What insight are we offered into Pip's character in chapter 14 of Great Expectations?
Now that he is apprenticed to Joe, Pip is a little older and his personality is beginning to show. He is an ungrateful young man. He regrets his lower social status and dreams of being a gentleman. He is ashamed of being a blacksmith.
An older Pip, looking back, begins the chapter with this comment.
IT IS A most miserable thing to feel ashamed of home. There may be black ingratitude in the thing, and the punishment may be retributive and well deserved; but, that it is a miserable thing, I can testify. (ch 14, enotes etxt p. 45)
Although Pip does love and care for Joe, he does not respect him. He is afraid that Estella will not see him as a potential love interest because he is going to be a lowly blacksmith. He describes himself as “quite as dejected” at this time in his life. Miss Havisham believes she is doing Pip a favor by giving him a trade, but Pip is ungrateful to both her and Joe.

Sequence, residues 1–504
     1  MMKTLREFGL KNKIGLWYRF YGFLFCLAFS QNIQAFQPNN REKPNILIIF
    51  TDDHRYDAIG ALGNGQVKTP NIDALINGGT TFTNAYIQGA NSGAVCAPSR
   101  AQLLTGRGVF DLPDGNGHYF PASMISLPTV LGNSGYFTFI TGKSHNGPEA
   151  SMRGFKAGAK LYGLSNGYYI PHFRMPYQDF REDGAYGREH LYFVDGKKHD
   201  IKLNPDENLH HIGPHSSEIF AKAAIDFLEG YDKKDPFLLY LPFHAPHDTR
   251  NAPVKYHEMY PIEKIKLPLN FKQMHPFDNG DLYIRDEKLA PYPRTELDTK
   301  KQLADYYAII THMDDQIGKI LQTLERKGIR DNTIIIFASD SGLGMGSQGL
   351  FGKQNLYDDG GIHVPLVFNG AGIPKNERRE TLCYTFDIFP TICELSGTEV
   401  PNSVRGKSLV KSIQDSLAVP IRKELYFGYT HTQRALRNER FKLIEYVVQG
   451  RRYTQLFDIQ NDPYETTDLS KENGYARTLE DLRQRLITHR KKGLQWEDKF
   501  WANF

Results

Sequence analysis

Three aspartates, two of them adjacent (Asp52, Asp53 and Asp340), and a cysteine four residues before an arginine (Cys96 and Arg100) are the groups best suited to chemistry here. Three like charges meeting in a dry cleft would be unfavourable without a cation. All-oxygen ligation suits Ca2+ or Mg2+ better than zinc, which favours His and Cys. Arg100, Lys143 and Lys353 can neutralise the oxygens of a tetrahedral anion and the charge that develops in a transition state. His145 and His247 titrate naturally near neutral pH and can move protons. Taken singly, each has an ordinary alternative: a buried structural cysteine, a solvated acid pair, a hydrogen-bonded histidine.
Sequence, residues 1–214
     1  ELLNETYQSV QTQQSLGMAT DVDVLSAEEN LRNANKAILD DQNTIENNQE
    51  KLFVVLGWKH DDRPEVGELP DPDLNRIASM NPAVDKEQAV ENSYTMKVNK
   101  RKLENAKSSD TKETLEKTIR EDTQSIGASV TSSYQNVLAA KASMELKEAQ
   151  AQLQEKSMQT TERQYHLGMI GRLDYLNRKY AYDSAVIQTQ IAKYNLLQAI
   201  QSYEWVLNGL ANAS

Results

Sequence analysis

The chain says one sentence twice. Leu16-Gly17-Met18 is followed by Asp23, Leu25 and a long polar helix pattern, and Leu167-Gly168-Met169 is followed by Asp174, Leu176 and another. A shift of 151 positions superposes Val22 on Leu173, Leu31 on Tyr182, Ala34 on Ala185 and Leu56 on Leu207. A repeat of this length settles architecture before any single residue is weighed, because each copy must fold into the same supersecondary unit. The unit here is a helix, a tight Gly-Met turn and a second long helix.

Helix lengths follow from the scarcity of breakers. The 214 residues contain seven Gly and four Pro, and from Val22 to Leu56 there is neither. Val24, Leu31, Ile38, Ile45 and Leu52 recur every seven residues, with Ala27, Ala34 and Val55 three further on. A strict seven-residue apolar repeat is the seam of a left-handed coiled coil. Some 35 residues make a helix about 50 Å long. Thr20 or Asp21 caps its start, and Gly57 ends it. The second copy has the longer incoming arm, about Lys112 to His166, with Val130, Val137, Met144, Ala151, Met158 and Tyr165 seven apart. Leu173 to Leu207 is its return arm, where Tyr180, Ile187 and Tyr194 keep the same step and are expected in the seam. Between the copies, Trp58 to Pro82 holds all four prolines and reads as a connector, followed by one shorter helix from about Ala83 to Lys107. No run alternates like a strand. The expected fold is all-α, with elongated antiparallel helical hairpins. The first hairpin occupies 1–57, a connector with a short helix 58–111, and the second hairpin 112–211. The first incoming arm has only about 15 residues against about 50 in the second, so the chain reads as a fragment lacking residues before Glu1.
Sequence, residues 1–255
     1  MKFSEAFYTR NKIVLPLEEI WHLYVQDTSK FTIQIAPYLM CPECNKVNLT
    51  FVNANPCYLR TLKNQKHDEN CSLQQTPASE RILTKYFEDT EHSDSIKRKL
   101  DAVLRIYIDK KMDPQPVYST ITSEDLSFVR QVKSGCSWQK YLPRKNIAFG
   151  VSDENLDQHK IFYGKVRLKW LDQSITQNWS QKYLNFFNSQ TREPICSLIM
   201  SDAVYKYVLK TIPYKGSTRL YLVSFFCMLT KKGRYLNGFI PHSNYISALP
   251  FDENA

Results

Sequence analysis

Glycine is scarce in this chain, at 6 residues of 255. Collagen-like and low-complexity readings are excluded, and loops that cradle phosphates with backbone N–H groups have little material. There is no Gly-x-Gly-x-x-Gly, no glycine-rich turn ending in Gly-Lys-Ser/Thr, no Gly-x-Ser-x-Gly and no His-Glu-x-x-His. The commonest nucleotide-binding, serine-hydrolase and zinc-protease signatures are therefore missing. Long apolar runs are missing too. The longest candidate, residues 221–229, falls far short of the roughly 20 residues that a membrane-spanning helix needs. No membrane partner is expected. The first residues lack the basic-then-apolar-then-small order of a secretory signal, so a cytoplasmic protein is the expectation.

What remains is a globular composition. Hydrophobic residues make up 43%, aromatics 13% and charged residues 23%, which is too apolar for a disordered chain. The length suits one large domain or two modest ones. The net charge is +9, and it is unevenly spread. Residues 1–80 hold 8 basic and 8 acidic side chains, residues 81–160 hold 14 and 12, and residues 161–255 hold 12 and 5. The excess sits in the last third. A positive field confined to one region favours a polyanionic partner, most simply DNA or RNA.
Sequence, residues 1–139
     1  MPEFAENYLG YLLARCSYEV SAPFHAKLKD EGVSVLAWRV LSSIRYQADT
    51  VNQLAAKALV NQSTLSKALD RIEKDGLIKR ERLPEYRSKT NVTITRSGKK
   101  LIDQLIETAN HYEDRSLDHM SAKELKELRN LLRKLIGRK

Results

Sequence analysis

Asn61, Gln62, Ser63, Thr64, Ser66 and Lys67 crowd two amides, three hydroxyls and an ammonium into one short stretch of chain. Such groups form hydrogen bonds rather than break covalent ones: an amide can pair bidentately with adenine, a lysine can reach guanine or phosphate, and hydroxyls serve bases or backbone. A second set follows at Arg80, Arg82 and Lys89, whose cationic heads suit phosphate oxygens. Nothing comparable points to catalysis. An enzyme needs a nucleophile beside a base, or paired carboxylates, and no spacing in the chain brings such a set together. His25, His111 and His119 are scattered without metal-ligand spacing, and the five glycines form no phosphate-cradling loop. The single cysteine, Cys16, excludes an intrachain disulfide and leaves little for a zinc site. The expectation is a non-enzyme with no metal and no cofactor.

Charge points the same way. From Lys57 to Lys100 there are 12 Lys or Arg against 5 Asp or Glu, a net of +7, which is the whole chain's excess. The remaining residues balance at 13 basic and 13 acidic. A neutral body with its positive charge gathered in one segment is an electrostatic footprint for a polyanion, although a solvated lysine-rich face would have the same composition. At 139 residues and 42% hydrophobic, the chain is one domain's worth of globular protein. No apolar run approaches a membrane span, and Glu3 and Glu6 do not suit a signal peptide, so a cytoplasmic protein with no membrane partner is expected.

I was haunted by the fear that she would, sooner or later, find me out, with a black face and hands, doing the coarsest part of my work, and would exult over me and despise me. (ch 14, enotes etxt p. 45)
The adult Pip looks on his depression and is ashamed of it. He describes his feelings as “ungracious” because as an adult he has the benefit of hindsight and experience to tell him he actually had things pretty good at this time. If he had not had wishes to live above his station, and if he had not tried to win the unwinnable Estella, he might have actually been happy.
Pip does not benefit from having money. At this time in his life, all he wants to be is a gentleman. Yet we can tell that even after his expectations things did not work out for Pip. Money did not buy him happiness. He is ashamed of his feelings toward his home. He should have appreciated what he had, but he does not realize this until later.